For more ideas, check out my blog post 50 fun call and response ideas to get students’ attention, or purchase a set that’s fully customizable and ready to use.
4) Visual signals
This is a fun opportunity to get creative. One teacher I know has a wand that she attached a big check mark at the top of (printed from the computer). She then trimmed the check mark in red sparkly garland. She teaches the kids on the first day of school that when she holds the wand up, that they are to ‘check in’. Whenever the class gets off-task, she holds the wand in the air, and the students who are paying attention hold one finger up in the air as a check-in and get quiet until the other kids notice. This works surprisingly well for her, and she never has to say a thing.
I used to use a Time Tracker stoplight that I got from Amazon (similar options here and here). It had 3 colors that would light up, and you could program it so that each color stayed lit for a specific amount of time. So for a 20-minute activity, I’d have it stay on green for 15 minutes, then yellow when there were 5 minutes left, and then red when there was one minute left. When time was up, it would flash red a few times and play an alert sound.
I had many students who LOVED that timer and requested that I use it for almost every activity. They loved being able to estimate and manage their time, and they’d get all excited when it changed (It’s on yellow guys, come one, we’ve got to finish up!). The rest of the class would hear this and it would alert them to the time without me having to say a word. It was a terrific investment, so I highly recommend visual time trackers.
5) Interactive countdowns
This could be as simple as saying 3,2,1 hands up. Or you could hold up your hand and use your fingers to show the numbers as you say, Teaching in 5, teaching in 4, teaching in 3, all the way down to 1. If you teach elementary grades, have students to show the number on their fingers and participate in the countdown with you. With practice over time, you won’t even need to say anything: you can just put your hand up and countdown on your fingers.
I usually use a very straightforward backward countdown, if the class is quiet enough to hear me make the announcement. I’ll say, When I get to zero, I need the room to be completely quiet. 10, 9, 8… When time is up, I move on to the next activity just like I said I’d do, and let stragglers catch up without acknowledging them except to help as needed. I’ve found that if you’re consistent with this, students will learn you mean what you say and they have to keep pace!
Attention grabbers don’t have to be an annoyance for you. Think of them as a way to be creative and have fun with your students. Most of us desperately need more fun in our school day. Involve the kids in thinking of new ways to bring the group together as a class, and change up techniques to keep things fresh.Each day of our lives, we make deposits in the memory banks of our children. --Charles Swindoll. Click To Tweet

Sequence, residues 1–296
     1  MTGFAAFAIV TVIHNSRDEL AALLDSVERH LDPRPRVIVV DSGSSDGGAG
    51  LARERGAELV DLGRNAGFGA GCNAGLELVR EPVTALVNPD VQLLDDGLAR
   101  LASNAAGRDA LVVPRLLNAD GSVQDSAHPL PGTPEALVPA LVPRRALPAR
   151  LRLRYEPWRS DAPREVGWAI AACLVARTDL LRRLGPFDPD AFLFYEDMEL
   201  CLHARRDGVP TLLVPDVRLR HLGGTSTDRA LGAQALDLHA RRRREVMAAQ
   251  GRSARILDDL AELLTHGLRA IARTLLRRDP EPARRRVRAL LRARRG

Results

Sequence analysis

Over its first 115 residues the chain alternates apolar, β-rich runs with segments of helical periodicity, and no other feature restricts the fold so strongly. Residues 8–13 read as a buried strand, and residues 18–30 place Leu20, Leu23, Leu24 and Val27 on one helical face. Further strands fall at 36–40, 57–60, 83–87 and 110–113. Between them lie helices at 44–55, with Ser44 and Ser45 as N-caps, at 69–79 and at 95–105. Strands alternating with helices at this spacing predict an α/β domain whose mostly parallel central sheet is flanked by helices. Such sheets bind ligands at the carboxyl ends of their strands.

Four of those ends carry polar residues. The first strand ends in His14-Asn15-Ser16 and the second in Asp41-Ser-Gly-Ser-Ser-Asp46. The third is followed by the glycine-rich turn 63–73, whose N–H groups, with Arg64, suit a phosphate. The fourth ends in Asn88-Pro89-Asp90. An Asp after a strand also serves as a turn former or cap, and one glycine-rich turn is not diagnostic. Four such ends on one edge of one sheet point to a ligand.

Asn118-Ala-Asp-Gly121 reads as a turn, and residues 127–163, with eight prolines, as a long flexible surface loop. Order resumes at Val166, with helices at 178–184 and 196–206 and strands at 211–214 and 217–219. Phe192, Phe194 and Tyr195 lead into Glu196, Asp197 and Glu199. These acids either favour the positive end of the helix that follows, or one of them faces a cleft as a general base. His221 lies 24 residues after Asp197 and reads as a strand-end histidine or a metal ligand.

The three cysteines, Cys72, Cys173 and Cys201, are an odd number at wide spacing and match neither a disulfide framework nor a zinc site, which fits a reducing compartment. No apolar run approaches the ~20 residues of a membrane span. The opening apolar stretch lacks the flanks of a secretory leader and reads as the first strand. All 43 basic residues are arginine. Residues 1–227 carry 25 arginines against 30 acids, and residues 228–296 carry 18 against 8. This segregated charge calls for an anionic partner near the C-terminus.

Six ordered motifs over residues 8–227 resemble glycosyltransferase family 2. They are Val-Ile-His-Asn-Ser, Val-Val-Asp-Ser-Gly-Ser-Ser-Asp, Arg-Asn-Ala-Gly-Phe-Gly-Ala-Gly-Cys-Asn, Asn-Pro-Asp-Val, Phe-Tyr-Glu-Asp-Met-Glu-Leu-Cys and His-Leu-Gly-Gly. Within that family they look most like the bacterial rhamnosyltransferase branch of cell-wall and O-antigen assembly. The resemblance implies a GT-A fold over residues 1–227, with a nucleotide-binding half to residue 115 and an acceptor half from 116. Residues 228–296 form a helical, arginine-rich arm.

It’s not fun to nag kids and repeat ourselves, and it’s not fun for them to be nagged or lectured. Let’s make classroom memories that are playful and positive and enjoyable. Refocusing a class is something we have to do dozens of times per day: why not create routines for that which are enjoyable and engaging?
This post is based on the latest episode of my weekly podcast, Angela Watson’s Truth for Teachers. A podcast is like a free talk radio show you can listen to online, or download and take with you wherever you go. I release a new 10-15 minute episode each Sunday and feature it here on the blog to help you get energized and motivated for the week ahead. I’d love to hear your thoughts below in the comment section!
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I like these ideas for getting students’ attention especially the use of different noise makers. The check-in idea is one I will definitely use, especially for the more visual students.
I’m so glad the post was helpful! Thanks for sharing.
I just want to thank you for creating your podcasts. They have really helped me continue my passion of learning and helping understand how to be the best mathematics teacher of geometry.
I appreciate your kind words so much, Maddie!
Thanks ma’am. Sharing you further to young teachers.
I discovered your podcast over our Summer here in Australia. I’m a pre-service teacher in my second year at the University of Melbourne. I also want to join the chorus of your praise, as some of your segments are the perfect tonic of encouragement one needs after days in the classroom. As a pre-service teacher, and I imagine as a replacement teacher, you enter an already established environment, and it is difficult to find and negotiate your own teaching identity. I recall an episode where you spoke about making comparisons to other teachers and the caution one should take when doing so. I think you said you were channeling your own mentor when it did not fit with who you were. So it’s great to know that we’re not alone. Anyway, I’ve found your words to be encouraging, reassuring and uplifting. You’re a great digital mentor to have while studying. Thank you for sharing your wisdom.
Hi, Brenton! Thank you so much for the kind words. I believe this is the episode you’re thinking of. I certainly did get burned by blindly emulating others! So honored to be a part of your development as a teacher and to help avoid making some of the mistakes I have. 🙂